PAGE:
A not-so-distant fire tower

October 16, 2020 chris
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By Vicki Scott

Every day, at least one of our seniors at the George Wallace Senior Center in Glencoe ask when the center will open back up. We do not know. I will tell you what we do know. We miss fellowship with our seniors, and we are on the edge of sanity as we struggle to keep things going.  Deidre is struggling with shingles, Faye is struggling with her back, I am struggling with family matters and our director Pat is struggling with us.

“Shinglina” has been in a lot of pain and cannot sleep but is determined to come into work. Calling Deidre by that name reminds me that she is hurting, which helps me be easy on her. Deidre, who seems to be doing better, said that shingles are caused by stress. It will probably be a long time before she is completely healed. Deidre seems to like the name “Shinglina,” and I ‘m glad. I would not like to think I’m teasing her at a bad time.

Faye usually wears a back brace and looks like the Rocket Lady when she must cover for me.  Faye kept forgetting her brace, and now she is in pain. Like Shinglina, Faye is stubborn in that she has not missed work, either. That is what I like to call dedication, or just plain crazy. Pat patiently has listened to all of our frustrations with an occasional nod, then reminds us of our work schedule for the day. She does all she can to keep us in line for our seniors, but we need time with them for fellowship.

My family matters involved a pair of hurricanes named Saylor Rhea and Tyler Kate, and we’re still trying to recover from the 2020 Nana and Pops Camp. Please understand that I am not making light of those folks who recently suffered from real hurricanes, but we’re still exhausted. There are things were turned on that we did not realize our little hurricanes could reach!

How can a two-year-old and a four-year-old do so much damage? I remember saying as much about their mother. When Eva went off to college, I would clean her room, only to have her come home to visit and destroy, in five minutes, every effort I made to clean.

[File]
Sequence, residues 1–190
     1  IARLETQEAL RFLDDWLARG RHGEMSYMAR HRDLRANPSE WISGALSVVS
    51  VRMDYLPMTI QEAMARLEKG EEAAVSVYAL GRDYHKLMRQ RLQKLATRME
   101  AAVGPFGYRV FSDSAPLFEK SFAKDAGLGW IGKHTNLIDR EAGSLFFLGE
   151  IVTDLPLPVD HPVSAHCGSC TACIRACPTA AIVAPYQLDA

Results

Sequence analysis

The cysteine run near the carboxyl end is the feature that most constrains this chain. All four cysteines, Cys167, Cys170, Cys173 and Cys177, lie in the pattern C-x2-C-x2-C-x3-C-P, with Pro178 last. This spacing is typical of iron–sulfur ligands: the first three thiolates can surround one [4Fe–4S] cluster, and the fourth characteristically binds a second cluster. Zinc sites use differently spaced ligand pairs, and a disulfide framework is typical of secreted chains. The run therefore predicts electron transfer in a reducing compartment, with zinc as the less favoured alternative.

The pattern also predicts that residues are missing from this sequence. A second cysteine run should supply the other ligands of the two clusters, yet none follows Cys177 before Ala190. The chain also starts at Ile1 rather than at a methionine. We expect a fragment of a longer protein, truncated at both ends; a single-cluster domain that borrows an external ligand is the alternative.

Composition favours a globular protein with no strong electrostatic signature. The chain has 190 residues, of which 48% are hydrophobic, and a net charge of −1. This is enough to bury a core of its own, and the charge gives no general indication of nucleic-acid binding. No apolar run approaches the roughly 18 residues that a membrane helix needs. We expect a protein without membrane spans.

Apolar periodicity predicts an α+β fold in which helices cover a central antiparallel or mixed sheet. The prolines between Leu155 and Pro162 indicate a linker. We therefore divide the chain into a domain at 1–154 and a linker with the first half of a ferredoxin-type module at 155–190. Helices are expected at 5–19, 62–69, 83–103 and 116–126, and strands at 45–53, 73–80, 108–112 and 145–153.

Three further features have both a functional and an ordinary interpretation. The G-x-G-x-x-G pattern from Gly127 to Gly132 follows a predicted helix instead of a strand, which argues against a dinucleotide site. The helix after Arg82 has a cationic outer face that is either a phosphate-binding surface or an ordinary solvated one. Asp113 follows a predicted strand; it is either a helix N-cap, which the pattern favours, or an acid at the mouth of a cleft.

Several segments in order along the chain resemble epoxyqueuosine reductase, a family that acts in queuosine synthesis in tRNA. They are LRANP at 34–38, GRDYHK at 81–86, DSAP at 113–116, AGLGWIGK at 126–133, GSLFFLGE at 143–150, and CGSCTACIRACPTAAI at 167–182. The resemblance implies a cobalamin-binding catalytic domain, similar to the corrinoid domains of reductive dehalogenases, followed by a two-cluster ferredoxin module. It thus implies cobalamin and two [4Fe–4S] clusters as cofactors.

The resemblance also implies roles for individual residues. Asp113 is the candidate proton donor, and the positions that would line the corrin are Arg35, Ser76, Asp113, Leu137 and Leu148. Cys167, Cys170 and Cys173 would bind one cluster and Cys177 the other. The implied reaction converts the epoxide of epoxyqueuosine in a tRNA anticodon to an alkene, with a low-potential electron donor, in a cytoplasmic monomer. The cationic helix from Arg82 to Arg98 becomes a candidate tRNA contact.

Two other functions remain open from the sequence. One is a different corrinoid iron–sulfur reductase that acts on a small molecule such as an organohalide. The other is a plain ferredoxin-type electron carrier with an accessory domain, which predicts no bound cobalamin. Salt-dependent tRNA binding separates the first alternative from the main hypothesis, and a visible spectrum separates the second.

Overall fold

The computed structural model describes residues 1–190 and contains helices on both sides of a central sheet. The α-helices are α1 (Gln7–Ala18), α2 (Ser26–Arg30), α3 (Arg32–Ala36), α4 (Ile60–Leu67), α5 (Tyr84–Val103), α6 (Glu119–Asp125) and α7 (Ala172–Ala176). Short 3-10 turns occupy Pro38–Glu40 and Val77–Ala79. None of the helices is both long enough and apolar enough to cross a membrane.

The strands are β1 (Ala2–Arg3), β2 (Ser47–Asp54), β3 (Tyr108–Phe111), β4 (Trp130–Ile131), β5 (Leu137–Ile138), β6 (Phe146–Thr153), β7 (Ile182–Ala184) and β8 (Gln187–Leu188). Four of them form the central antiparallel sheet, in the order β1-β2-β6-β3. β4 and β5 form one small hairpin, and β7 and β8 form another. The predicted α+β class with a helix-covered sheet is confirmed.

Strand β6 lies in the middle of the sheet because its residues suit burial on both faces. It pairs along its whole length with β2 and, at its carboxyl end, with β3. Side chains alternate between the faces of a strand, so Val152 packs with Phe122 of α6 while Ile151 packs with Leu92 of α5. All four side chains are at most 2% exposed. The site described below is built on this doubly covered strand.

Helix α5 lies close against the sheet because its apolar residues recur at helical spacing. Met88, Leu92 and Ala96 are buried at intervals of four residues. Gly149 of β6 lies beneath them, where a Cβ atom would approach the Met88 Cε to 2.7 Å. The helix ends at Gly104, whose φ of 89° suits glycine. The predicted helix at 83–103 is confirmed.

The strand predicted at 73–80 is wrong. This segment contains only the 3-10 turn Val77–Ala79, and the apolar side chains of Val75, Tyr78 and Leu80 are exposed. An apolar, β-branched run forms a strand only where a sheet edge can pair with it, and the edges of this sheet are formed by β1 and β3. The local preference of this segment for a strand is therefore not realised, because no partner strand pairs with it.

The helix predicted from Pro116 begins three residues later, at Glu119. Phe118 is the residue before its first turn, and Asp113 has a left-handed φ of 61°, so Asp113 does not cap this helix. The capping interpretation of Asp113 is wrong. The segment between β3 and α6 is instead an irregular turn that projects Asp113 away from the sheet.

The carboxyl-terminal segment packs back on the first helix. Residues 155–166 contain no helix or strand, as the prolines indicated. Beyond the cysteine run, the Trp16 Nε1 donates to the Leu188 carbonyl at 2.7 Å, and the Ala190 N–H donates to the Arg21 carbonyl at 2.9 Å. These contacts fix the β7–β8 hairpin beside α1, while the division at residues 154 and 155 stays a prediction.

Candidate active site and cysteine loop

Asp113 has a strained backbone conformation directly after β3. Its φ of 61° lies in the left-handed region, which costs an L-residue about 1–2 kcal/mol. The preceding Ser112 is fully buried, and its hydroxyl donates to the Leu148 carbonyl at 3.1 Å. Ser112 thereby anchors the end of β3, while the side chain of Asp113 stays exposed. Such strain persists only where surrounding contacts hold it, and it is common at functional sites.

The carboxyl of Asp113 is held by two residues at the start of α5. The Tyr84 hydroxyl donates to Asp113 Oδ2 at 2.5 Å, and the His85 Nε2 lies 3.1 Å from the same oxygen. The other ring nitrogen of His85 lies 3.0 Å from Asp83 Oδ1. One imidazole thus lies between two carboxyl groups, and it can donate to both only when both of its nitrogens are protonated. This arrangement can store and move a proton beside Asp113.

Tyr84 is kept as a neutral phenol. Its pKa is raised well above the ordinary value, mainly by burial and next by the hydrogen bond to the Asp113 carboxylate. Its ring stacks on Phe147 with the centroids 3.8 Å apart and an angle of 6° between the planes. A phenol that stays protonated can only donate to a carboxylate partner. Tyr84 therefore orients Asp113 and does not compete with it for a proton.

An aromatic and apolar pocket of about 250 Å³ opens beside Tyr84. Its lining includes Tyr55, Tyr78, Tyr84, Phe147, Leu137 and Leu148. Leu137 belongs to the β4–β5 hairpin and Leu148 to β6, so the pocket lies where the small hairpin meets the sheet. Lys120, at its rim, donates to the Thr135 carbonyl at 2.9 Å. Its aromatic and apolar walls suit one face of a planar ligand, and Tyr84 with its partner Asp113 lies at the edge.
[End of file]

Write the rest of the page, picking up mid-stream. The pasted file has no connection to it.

If that is not enough, I suspect that my husband is trying to kill me with exercise. On my parent’s wedding anniversary in November, my two brothers and I plan to meet at the Smith Mountain Fire Tower in honor of our mom and dad. We prayed about it and discussed this, and this will be our chosen place to spend time with memories of our parents. The only issue is that we must walk there, which is right down my darling and in-shape husband’s alley. Alan loves to walk, so we took a practice walk. Of course, he took the long way around!

The fire tower is a historical place, and at the top is a view of nine counties. It was supposed to be a half-mile walk, but I assure you that was not the case. I’m not telling my brothers, since they’re six and eight years younger than me and just a little competitive. I’m going to act like the walk is no big deal. They probably will, as well. This system works for us.

The fire tower works for us, too. Our parents loved walking and nature and being in the outdoors. They almost went bungee jumping one time, but a rain cloud saved my father from a heart attack. My mother said she turned around and looked at him and he looked like a ghost. About that moment, the guide told them to get down because of that rain cloud.

We saw a lot of nature on the way to and up in the fire tower. The walk back might well have been a half-mile and it did not take nearly as long as the trip to the tower. All the way down the mountain, I did not have to stop one time. If you hear of a death from exercise at a fire tower… awe, never mind; God is not through with me as of yet.

After our walk, I hurt all over. I hope and pray that our Shinglina and Rocket Lady are not in this much pain. I need to stop teasing them, because it is coming back to haunt me.

Stay safe, y’all!